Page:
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What Ethics?

17 July 2011

Until a couple of years ago, it was illegal in any school in New South Wales to provide lessons for children not attending Religious Education.  Those children just read or watched films.  Then the NSW Government said that Ethics classes could be introduced for the excluded children. 

The churches were up in arms.  At first, because they were concerned that parents would take their children out of the religious classes now that an alternative was on offer.  They were apparently right in their prediction.  Then the church leaders complained that it was discriminating against the children who attended religious classes because they were excluded from Ethics classes (strange argument I thought – don’t religious classes include Ethics?)The new Premier of NSW promised to abolish the Ethics classes but reneged when he became Premier. 

However, he counts on the support of the Shooters’ and Fishers’ Party (yes, there really is such a thing) and he has now agreed that restrictions on children owning firearms will be lifted and more schools will be supported to give firearms lessons to the pupils.

I hope all the children learning to shoot are either taking special note of the “Do Not Kill” part of their religious education or are paying particular attention in their Ethics classes.

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6 comments

  1. I learnt to shoot at school from the age of 13 – was accompanied by a healthy education about how to deal with firearms, etc. Was actually quite good in the context of kids coming across a hidden firearm and having some understanding of the reality of them, as opposed to what they see on TV and emulating that. Certainly generated lots of healthy respect for what they could do and exactly how dangerous they were.

    Very different place and time (South Africa in the 80’s), and i certainly don’t support the idea that under 12’s should be able to buy air rifles (i was once chased round the garden by a friend with one, and they hurt like hell!) – but in a formalised school environment, shooting lessons may have some value

    (BTW my read of the article is that Barry ISN’T supporting the lowering of restrictions on kids owning firearms, but is happy to look at the school stuff – but maybe i’ve read it wrong)


  2. Blimey!

    Seems to me the argument for it being a useful thing is predicated on there being a good chance of finding a firearm hidden or something.


  3. Efficks? That’s sowff of Lonnun, innit?


    • Nah – it;s NORF of Landan.


  4. I’m a target rifle shooter and knitter. (There, that’s my bias declared!) I started to learn target shooting at 14, which was the minimum age allowed by law in NSW at the time.

    It’s a sport that requires a lot of self discipline, mental strength, physical strength, fitness, flexibility and concentration. Also, one heck of a lot of maths. I didn’t go to a school that had a shooting team, but I am familar with schools that do. Learning to shoot at a motionless paper target is a very different skill set to hunting: I’ve never used a firearm to kill a living creature. Target shooting also requires a completely different skill set to ball sports, and it allows males and females to compete on an equal footing.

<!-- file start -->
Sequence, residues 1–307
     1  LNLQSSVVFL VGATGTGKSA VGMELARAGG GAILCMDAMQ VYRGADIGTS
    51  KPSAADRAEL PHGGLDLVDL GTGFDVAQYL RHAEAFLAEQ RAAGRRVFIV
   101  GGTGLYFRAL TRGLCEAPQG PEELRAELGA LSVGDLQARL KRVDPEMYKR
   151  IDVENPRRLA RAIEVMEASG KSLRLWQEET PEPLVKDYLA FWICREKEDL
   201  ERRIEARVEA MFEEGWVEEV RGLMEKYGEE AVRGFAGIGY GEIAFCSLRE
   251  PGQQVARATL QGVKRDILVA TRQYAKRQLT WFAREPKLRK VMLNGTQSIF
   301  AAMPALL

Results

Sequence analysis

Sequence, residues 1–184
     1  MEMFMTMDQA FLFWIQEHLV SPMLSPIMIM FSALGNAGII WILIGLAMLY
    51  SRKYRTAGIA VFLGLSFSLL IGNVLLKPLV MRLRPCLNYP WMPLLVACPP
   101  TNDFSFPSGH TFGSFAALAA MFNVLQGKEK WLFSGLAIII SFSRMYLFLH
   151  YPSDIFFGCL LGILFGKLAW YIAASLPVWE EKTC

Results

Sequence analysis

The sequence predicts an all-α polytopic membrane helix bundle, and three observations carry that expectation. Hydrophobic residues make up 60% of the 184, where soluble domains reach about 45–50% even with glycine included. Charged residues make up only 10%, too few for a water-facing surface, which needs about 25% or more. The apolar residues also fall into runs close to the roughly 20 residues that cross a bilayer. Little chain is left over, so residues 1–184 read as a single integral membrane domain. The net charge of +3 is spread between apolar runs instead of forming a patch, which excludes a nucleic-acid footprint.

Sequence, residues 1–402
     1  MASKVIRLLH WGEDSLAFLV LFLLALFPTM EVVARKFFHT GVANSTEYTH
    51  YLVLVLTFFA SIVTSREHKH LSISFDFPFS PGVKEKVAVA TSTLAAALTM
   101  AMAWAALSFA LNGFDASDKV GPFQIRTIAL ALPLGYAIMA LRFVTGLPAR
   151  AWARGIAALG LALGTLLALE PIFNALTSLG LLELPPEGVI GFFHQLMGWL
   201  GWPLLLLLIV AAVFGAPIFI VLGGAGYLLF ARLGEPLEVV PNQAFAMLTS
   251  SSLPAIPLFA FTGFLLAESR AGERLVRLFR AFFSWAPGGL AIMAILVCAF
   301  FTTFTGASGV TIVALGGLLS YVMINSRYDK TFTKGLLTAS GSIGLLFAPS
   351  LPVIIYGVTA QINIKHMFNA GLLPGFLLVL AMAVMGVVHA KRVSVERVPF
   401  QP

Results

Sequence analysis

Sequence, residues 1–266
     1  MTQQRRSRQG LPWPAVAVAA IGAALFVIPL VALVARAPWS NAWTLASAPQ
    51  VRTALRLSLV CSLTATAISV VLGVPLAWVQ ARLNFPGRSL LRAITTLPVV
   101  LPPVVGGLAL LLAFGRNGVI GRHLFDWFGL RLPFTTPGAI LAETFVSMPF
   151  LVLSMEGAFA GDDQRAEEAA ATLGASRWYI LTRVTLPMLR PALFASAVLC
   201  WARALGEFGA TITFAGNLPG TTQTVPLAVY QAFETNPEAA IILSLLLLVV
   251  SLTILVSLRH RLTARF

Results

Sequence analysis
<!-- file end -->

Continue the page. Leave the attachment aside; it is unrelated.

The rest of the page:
I hope kids are learning in ethics class. But I think the big bruiser of a kid who plays rugby needs as many ethics as the kid on the target rifle team.


  5. My daughter leads one of the ethics classes at her local school – she was asked by the school if she would do it when the original person dropped out. She had to attend a university devised training course over a number of days and there is always a teacher in the room with her. On the first day, the children whose parents had nominated them for the sessions turned up – along with a whole other lot whose parents just sent them – a chaotic start for the first day but it all went well. They are now looking for another ethics teacher to cope with the demand.

    I’m not biased, of course, but any child who is lucky enough to do these sessions with my daughter is privileged – I couldn’t think of a better person to lead them.

    When my children were at school I didn’t want them to be indoctrinated by a particular religion. I approached the Education Department about taking a class on comparative religion for them in the scripture period – OH NO!! What a bizarre thing to ask – who did I think I was? I wasn’t a “proper” scripture teacher ….

    It’s hard to believe that in a secular society and supposedly secular education system, that scripture is allowed to be taught as opposed to comparative religion. An understanding of comparative religion as a subject would go a long way to helping these kids understand the world as they grow up. And ethics is essential.



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